As I was growing up in a middle class family in Tehran, there were more shops, cinemas, and parks opening. My friends and I could go to movies, do some shopping, if our grades in school were good, or go to the parks. The films were mainly imported from Europe, Hollywood, or India, in original language. However, later they had Farsi footnotes, or completely translated to Farsi.
Boys and girls had separate schools, and students had to wear uniforms. Only collages and universities were co-ed; but many years later, there were some k-12 co-ed private or public schools. Education was free at K-12 or higher education, and whoever could pass the entrance exam (concur), could get free collage education, and get a decent job. That is exactly what I did.
Most Iranian families were eager to have their children get educated. Even many children from rural areas and farming villages, went to nearby cities or Tehran to get education. This led to opening of more collages, yet the pace of creating more free collages, was slower than increase in the number of students. Therefore, competition in enterace concurs was intense.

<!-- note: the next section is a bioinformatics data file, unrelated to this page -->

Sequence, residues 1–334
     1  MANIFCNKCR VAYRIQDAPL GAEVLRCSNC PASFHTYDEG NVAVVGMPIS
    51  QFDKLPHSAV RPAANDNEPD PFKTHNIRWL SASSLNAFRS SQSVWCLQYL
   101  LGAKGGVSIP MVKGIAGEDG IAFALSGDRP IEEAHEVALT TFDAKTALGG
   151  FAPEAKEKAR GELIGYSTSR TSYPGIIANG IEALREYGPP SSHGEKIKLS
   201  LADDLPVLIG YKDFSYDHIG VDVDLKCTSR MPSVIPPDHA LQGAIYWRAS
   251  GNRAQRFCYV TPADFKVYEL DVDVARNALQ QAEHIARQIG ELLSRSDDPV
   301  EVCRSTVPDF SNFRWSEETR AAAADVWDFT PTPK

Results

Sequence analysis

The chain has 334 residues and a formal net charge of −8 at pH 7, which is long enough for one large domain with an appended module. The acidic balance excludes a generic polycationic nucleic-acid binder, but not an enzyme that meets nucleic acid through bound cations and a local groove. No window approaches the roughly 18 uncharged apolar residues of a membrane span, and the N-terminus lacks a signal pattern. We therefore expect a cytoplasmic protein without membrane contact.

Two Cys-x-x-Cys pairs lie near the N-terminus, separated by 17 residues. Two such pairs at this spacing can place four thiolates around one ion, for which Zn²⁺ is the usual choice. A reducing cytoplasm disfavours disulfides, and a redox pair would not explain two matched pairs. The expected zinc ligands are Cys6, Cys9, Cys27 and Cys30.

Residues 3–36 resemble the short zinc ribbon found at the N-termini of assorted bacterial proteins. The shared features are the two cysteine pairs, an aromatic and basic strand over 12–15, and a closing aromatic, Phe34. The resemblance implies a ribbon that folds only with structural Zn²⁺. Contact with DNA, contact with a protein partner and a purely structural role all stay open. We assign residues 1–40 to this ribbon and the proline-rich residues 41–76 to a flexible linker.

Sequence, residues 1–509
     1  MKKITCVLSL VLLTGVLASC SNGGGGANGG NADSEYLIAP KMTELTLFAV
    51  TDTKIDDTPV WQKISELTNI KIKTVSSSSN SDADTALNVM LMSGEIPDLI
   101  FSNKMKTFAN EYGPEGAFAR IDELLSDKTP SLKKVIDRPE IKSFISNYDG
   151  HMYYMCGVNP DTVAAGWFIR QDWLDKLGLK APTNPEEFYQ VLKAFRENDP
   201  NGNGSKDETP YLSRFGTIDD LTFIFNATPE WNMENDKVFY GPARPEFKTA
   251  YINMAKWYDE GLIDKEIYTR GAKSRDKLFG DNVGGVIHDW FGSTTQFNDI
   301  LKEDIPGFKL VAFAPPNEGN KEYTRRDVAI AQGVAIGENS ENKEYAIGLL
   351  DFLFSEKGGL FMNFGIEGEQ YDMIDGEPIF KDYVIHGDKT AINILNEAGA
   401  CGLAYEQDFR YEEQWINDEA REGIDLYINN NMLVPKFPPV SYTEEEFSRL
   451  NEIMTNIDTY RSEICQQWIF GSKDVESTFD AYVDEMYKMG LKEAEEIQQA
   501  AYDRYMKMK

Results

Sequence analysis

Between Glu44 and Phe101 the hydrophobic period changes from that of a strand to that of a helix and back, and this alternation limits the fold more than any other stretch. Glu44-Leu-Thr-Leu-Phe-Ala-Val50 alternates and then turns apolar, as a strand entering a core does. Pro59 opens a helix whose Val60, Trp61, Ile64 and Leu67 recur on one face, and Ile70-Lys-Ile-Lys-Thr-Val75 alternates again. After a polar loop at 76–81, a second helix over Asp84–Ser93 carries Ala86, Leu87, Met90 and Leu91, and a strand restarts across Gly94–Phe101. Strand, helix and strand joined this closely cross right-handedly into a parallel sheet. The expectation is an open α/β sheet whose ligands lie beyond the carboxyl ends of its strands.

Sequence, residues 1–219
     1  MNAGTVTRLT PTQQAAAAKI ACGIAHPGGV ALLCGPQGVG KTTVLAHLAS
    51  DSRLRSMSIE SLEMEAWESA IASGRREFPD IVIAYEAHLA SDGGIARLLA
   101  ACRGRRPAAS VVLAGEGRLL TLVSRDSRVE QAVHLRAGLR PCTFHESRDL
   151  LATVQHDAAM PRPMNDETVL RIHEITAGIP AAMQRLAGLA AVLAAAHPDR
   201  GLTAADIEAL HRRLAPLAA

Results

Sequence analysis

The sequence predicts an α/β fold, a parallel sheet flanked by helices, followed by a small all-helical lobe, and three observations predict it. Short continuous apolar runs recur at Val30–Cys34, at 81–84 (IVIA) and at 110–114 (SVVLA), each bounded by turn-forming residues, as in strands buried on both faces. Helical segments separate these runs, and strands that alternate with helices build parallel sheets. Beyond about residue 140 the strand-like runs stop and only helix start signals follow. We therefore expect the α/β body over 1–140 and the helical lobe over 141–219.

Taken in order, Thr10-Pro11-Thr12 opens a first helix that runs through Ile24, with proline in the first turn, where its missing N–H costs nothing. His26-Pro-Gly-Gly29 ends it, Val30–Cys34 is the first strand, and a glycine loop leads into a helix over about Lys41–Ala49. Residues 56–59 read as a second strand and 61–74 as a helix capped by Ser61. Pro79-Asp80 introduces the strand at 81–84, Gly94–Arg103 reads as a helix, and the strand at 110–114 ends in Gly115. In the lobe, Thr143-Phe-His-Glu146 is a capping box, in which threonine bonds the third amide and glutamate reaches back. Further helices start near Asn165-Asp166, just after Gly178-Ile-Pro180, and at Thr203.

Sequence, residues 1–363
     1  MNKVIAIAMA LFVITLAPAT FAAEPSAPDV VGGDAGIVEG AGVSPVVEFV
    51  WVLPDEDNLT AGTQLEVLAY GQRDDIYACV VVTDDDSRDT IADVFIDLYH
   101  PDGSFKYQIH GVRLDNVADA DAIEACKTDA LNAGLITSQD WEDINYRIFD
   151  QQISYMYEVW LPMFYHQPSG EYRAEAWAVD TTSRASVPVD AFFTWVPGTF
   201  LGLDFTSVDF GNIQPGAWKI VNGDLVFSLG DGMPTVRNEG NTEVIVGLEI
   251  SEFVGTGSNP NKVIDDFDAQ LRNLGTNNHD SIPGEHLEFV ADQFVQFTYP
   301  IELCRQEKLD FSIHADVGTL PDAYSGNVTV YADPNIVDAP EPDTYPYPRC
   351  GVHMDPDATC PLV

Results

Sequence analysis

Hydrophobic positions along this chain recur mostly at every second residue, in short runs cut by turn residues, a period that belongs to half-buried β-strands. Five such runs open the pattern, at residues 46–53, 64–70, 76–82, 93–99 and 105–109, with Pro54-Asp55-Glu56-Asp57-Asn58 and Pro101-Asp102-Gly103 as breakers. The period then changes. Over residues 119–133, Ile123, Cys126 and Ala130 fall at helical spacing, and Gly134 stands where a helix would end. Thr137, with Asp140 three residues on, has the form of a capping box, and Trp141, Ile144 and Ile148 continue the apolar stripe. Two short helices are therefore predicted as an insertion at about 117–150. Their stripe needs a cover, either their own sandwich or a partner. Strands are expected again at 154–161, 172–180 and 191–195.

Some religious families and rural families preferred to send their children to religious schools, because they did not trust the government and educational system, especially for their daughters. Some farmers preferred to take their children to farm to help them with the work. Usually these families had the highest number of children, because they did not believe in family planning. Later, some of these children, when grew up, became critic of the government for their own shortcomings .
During the 1970’s, with the increase in the price of oil ($20-30), the economy was progressing faster, hence more constructions, hi-ways, factories were built. Azadi (Shahyad) monument was built at this time. In addition, for the first time, Asian games were held in Tehran, which resulted in the construction of a large stadium (Azadi Stadium), an Olympics village, and more hi-ways.
The number of foreign visitors who came to Iran during this time, as businessmen, engineers, construction specialists, scientist, or tourists was considerably high. At the same time, the number of Iranians visiting foreign countries was quite high. Many of them went abroad for education and training, using available government grants and scholarships, or used short-term visit or training opportunities provided by foreign countries.
Other factor that contributed to the ease of travel abroad for Iranians during this time, was that most countries, except a few countries like USSR, China, USA, did not require visa from Iranians. In addition, the value of Iranian money was good, (US$=70 Rials, German Marc=20 Rials, and British Pound=100 Rials). However, majority of Iranians returned home. I have many memories from the 70’s that might be interesting for you!